India set to strengthen infra at 'ghost villages' near LAC to reverse migration 

A senior government official said that in eastern Ladakh, villages are located far from the LAC. At many places, people have migrated to cities in other regions seeking livelihood.

Published: 20th August 2022 08:43 AM  |   Last Updated: 20th August 2022 09:01 AM   |  A+A-

Image used for representational purpose only. (File Photo)

Image used for representational purpose only. (File Photo)

Express News Service

NEW DELHI: ‘Ghost villages’ the areas deserted by villagers along the Line of Actual Control with China will soon see a reverse migration with Indian forces strengthening infrastructure in the region. The move comes in the backdrop of China developing model villages following the 2020 Galwan conflict and the prolonged border standoff.

Officials say there are over 500 ‘ghost villages’ along the LAC. These villages are abandoned or have a sparse population with limited connectivity. Indian authorities have started approaching residents of these hundreds of villages along the border to return, promising basic amenities such as health facilities and education.

Villagers along border areas are the second line of defence after the Army or the Indo-Tibetan Border Police. The government now plans to rebuild these areas with offers of hill-centric livelihood and tourism opportunities.

A senior government official said that in eastern Ladakh, villages are located far from the LAC. At many places, people have migrated to cities in other regions seeking livelihood. In Himachal Pradesh, such villages have not witnessed a reverse migration. The villagers have settled in lower hills or have gone further down towards the plains.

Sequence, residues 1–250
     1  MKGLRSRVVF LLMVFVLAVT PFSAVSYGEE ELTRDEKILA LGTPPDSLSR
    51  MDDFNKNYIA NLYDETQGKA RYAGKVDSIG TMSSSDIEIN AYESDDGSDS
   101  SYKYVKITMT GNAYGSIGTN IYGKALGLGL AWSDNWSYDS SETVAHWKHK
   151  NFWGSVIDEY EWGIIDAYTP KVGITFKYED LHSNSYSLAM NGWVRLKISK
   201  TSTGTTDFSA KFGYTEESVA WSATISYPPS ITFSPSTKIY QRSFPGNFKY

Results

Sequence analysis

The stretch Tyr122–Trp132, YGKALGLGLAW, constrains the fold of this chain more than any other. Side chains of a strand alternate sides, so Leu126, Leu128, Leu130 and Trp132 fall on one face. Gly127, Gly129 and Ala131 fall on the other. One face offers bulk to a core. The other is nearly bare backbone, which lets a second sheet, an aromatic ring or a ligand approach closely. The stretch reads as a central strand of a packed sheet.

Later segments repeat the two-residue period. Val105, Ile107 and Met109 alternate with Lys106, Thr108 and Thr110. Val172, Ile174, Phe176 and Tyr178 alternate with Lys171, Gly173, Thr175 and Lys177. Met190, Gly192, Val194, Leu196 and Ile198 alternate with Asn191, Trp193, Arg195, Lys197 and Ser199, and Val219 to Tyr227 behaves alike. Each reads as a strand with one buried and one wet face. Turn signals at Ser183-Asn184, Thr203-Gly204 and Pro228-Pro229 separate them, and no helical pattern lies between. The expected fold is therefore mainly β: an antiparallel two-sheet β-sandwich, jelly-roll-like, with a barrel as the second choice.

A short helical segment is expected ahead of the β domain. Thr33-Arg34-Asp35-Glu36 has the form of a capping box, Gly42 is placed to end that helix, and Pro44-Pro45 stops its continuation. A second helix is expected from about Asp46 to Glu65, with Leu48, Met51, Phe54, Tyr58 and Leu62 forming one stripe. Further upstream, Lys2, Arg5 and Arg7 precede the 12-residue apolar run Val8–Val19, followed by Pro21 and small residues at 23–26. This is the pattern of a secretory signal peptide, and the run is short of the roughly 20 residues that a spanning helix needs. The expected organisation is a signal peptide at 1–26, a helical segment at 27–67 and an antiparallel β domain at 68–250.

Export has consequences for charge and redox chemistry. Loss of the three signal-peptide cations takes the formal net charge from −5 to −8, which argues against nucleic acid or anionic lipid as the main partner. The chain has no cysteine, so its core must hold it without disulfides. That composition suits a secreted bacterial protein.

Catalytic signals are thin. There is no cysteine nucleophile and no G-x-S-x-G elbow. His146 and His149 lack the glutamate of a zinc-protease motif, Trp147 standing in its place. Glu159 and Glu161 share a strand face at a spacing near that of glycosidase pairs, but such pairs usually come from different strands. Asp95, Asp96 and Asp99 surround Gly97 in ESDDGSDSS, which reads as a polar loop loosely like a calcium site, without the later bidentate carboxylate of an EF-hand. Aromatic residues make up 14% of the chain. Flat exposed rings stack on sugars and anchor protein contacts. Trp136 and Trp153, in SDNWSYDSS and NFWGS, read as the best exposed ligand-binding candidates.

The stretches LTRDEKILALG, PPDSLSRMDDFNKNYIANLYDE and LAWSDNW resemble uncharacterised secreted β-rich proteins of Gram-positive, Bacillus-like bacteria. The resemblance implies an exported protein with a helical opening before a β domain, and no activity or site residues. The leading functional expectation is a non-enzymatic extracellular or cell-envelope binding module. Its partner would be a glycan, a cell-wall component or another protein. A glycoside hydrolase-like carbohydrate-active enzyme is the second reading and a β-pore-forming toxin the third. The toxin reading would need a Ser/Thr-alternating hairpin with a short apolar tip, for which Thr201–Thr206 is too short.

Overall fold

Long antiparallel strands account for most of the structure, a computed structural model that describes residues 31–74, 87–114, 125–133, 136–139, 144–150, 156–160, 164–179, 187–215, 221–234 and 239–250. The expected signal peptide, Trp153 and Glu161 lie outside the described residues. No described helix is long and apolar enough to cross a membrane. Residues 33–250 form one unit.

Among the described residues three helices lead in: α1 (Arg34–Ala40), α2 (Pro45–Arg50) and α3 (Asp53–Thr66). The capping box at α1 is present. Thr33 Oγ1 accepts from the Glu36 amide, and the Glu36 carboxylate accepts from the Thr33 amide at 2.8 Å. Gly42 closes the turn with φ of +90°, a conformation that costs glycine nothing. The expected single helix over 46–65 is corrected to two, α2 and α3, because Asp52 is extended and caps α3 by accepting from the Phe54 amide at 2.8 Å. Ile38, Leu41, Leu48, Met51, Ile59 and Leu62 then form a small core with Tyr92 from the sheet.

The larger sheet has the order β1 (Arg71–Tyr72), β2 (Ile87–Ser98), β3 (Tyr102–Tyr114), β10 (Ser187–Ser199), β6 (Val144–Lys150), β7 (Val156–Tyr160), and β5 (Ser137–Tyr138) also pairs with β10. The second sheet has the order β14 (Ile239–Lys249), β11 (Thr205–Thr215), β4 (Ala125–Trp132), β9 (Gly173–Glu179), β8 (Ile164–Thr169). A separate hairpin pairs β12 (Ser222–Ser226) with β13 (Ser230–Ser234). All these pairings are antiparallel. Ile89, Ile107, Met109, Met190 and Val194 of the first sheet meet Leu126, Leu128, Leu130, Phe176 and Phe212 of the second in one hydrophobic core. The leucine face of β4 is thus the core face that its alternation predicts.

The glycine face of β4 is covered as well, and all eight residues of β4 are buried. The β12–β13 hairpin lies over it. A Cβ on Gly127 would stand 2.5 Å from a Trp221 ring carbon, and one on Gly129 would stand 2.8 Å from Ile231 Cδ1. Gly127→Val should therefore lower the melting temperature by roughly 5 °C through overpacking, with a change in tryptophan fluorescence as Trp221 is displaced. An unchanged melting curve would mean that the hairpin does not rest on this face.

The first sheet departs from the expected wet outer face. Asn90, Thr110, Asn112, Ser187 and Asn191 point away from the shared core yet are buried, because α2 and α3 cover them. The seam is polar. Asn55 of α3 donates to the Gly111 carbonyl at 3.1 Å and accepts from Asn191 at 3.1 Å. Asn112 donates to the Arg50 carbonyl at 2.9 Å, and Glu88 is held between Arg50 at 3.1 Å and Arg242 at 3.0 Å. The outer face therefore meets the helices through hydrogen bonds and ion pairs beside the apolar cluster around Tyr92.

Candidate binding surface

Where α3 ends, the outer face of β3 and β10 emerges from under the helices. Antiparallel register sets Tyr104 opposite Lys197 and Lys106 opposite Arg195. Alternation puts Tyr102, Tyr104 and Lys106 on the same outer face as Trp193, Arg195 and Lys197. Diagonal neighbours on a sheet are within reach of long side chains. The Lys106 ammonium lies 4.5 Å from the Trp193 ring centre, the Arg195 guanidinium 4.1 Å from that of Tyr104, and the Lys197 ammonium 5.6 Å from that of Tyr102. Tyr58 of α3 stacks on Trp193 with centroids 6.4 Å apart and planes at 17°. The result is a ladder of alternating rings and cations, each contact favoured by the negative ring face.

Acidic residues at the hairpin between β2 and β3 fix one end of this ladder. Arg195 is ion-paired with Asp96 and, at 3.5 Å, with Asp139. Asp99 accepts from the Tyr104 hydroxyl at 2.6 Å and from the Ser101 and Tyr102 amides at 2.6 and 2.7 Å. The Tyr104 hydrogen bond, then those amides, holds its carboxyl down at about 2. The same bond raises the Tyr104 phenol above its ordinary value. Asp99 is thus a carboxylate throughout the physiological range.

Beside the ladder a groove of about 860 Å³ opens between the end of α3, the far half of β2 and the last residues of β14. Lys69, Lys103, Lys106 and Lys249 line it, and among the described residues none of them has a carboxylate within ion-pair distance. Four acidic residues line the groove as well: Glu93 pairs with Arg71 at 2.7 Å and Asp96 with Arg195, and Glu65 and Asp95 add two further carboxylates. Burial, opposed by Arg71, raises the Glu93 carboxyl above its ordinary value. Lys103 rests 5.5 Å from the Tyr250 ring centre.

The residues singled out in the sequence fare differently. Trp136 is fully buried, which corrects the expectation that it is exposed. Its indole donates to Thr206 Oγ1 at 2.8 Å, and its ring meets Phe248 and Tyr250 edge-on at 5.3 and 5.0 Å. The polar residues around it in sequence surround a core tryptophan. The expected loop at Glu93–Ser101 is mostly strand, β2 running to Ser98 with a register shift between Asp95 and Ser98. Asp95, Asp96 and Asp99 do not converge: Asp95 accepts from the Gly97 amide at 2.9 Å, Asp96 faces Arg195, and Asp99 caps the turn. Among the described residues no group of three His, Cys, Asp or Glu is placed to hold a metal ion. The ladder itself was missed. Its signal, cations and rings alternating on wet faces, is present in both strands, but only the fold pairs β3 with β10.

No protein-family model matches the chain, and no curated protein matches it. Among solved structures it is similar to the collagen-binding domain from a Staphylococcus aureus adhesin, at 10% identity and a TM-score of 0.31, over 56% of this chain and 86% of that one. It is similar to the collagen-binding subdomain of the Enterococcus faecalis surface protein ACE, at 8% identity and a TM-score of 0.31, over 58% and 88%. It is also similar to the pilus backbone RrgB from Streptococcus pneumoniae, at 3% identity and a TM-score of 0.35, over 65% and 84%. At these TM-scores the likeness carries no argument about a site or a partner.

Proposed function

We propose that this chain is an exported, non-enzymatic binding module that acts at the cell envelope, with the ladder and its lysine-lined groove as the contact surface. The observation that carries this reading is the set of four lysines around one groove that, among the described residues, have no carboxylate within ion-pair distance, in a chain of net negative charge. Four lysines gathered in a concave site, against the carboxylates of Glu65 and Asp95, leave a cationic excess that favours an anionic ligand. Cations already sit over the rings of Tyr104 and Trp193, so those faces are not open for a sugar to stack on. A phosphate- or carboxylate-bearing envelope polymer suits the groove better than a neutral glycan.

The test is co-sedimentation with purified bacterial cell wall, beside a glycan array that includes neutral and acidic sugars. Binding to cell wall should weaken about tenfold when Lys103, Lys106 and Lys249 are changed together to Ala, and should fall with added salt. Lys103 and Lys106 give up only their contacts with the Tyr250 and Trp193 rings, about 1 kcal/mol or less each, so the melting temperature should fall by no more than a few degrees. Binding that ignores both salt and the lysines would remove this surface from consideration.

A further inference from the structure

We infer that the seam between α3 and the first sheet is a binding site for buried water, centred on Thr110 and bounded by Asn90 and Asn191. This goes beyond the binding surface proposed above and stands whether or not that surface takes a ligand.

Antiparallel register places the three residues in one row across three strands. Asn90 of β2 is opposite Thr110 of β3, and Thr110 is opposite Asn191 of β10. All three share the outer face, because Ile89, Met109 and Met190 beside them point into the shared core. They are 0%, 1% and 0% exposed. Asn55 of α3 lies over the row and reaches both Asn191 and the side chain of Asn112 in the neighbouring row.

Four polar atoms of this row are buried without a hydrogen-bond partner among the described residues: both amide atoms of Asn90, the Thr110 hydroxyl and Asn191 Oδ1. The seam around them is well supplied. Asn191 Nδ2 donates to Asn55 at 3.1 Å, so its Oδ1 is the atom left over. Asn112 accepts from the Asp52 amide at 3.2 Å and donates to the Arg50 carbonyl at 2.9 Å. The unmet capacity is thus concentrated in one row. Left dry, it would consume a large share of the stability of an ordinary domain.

However, in Uttarakhand, large-scale reverse migration has taken place with people returning to their villages after tourism prospects brightened up. In Sikkim and eastern Arunachal Pradesh, there is no reverse migration due to the lack of basic amenities.

Major General Ashok Kumar, VSM (Rtd) says the Army and border forces have to work in close coordination with local government authorities for the creation of model habitats with medical and education facilities in these ‘ghost villages.’

“Adequate infrastructure has to be in place to create tourism opportunities. Plus other facilities should be extended for the local population to enable them to re-start living in those villages. States have to facilitate the availability of land for various activities,” said the former Army officer.

China has built around 680 Xiaokang, which they call “well-off” villages across the borders. These are meant for military use as well as the second line of civilian resistance. The authorities have planned the construction of housing and tourist centres, roads and the provisioning of decentralized renewable energy, direct-to-home access for Doordarshan and educational channels as well as means for employment.

“All villages will have at least one primary school. Residential quarters will be built for teachers within the school campus,” said an officer. The Union Home Ministry also plans to chip in with various schemes under ‘Vibrant Village Programme’ along the LAC. A detailed project report has been prepared, sources said. To meet expenses for redevelopment, the ministry’s allocation for border management has been increased by nearly 43% from Rs 1921.39 crore to Rs 2517.02 crore in the annual budget for 2022-23.

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